More on the Job Search

In a previous post I alluded to the fact that I am searching for a new job. Don’t worry, this is not a secret. Many of you have probably already heard the really long story in person.

I actually drafted a post explaining the two and half-year history of my decision to change careers and the aftermath. Cue the violins. It was very therapeutic to write but it was just so ridiculously long (as those of you who have endured the verbal account can attest) that I decided not to publish it.

If you’re interested, I will happily email that post to you, but for the purposes of this blog, I will boil it down to this:

  • After 5+ years practicing employment and labor law, I decided that I wanted to do something different.
  • I found a new career I was really excited about.
  • After a long process that involved my new office getting funding for the position (over 1 year), everything fell into place and I was told that my transfer was a “done deal.”
  • I had already resigned from my attorney position when the whole thing fell apart. As a government attorney, I was hired under the “excepted service.”  The only real difference between excepted service and the regular “competitive service” is that excepted service employees cannot be transferred.
  • I applied for the position and as predicted, was “blocked” by the many veterans who applied and received preference (i.e., extra points for being veterans).
  • I have since applied for many other positions. I have been blocked by veterans for all of the competitive service positions – even ones for which I am very over-qualified.
  • I am currently on a 2-year temporary detail to our Office of Congressional Affairs. (I applied for the position I am currently filling and was also blocked by veterans). The detail ends in September.

Look… I realize how incredibly fortunate I am. I have a job. I have skills and an education, etc, etc.  I just need to find the right job.

When this detail ends, I am slated to return to my former office. I had a good deal there. I liked my job, I did it well, and I had good work-life balance.

But a lot has happened in the past year and a half . For starters, my wonderful boss in counsel’s office passed away suddenly a month ago. Then there’s the fact that people weren’t exactly excited that I submitted my resignation and that has made things, ummm, awkward. Finally, I guess I feel like I have worked hard in this detail position and want to build on my experience (and yes, be rewarded for it) and don’t necessarily want to take a step backwards from here. Maybe that’s greedy.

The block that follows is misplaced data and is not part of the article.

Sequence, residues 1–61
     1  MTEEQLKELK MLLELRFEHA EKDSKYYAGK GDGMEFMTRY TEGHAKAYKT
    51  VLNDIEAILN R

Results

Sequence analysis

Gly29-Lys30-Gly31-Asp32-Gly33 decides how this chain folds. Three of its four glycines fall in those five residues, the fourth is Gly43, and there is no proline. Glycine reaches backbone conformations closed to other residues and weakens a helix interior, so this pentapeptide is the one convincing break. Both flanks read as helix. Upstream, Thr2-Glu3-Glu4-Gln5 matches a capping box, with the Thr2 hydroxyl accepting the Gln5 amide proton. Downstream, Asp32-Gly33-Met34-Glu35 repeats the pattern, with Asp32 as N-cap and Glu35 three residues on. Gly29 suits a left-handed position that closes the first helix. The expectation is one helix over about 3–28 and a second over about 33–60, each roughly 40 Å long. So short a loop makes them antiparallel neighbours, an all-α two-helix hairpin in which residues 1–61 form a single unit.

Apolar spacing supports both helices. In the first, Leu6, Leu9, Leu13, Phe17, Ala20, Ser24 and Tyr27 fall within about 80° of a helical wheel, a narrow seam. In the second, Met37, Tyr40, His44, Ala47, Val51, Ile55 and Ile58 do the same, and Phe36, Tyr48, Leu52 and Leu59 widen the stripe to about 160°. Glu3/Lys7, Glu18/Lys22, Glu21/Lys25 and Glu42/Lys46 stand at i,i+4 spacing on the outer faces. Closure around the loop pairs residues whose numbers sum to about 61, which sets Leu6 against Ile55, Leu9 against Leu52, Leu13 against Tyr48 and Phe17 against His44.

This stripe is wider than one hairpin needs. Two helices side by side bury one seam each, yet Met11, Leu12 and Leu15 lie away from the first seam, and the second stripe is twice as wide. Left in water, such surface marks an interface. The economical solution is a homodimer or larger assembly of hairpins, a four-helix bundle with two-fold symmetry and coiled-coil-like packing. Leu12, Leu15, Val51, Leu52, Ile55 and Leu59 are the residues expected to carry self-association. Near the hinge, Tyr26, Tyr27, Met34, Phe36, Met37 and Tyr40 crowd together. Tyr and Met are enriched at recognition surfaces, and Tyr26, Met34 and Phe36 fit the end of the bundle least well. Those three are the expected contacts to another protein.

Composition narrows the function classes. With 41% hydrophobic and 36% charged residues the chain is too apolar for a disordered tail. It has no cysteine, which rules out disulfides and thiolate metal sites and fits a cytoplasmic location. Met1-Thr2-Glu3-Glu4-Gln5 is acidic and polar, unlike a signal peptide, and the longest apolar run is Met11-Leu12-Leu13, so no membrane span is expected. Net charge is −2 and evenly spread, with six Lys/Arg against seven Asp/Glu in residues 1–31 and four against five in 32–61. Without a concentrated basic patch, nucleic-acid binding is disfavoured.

It is the first time in my life where I really don’t know what to do next. I don’t have a clear path to the end. It is not like law school (study, study, study), the bar exam (study harder and longer), or a marathon or Iroman (follow the plan, train, train, train).

I keep applying for government jobs and I keep getting rejected because despite being deemed eligible for the positions I am notified “We have not reviewed your qualifications for this position due to the abundance of eligible compensable veterans” who applied. Many vacancy announcements include a statement that you shouldn’t even bother applying if you are not a veteran.

Now, before anyone even considers calling me anti-veteran, I would like to defend myself and say I am not. My father was a war veteran. My husband is a veteran. I appreciate veterans. I just don’t appreciate the Veterans Preference Rights right now. I realize that veterans need jobs. I really do.  But is it too much to ask that I get a new job, too? I have been a faithful government employee for 8 years.

So, that’s the nutshell version. I’m not really sure what’s next. I can keep applying for attorney positions, but then I wonder if I would just be better off going back to my former office. You know – the known versus the unknown.

Would I consider moving the private sector? I guess. As a lawyer, I am very reluctant to do the law firm thing. Two words: billable hours.

What do I really want to do? Something investigative. I think my biggest strength in my old position was my ability to work with my clients and witnesses. I really enjoyed the interviewing, the witness prep, alternative dispute resolution (mediation, etc). The best part of my job was when I would get a new case and I got to put the puzzle together to figure out what happened.

I’d love a job in an Inspector General or Attorney General’s office. I just don’t want to sit in front of a computer all day writing briefs and memos. I want to be challenged. I want to be excited to go to work.

Things have a way of working out. I look forward to re-reading this post years from now and being happy with how things turned out. Until then, I am keeping an open mind while I figure out what’s next.

Thanks for reading!

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4 Comments (+add yours?)

  1. Andrea
    Jan 23, 2012 @ 20:42:43

    Have you considered being a corporate lawyer?? Lots of options there and oh… A ton of money too…

    Reply

  2. esinva
    Jan 24, 2012 @ 13:40:33

    I was thinking insurance/fraud cases. I think the difficult part there is getting away from the “he said/she said” aspect of legal claims and getting to the fun “I lost an extensive coin collection in the fire”/”no, we’ve proven you had a roll of quarters” cases.

    Reply

    • Catharine
      Jan 25, 2012 @ 11:51:16

      I think that sounds very interesting. Good idea. I actually wouldn’t mind the he said, she said, part. I want to get all “Mentalist” and learn to evaluate truthfulness. We’ll see what the future holds…

      Reply

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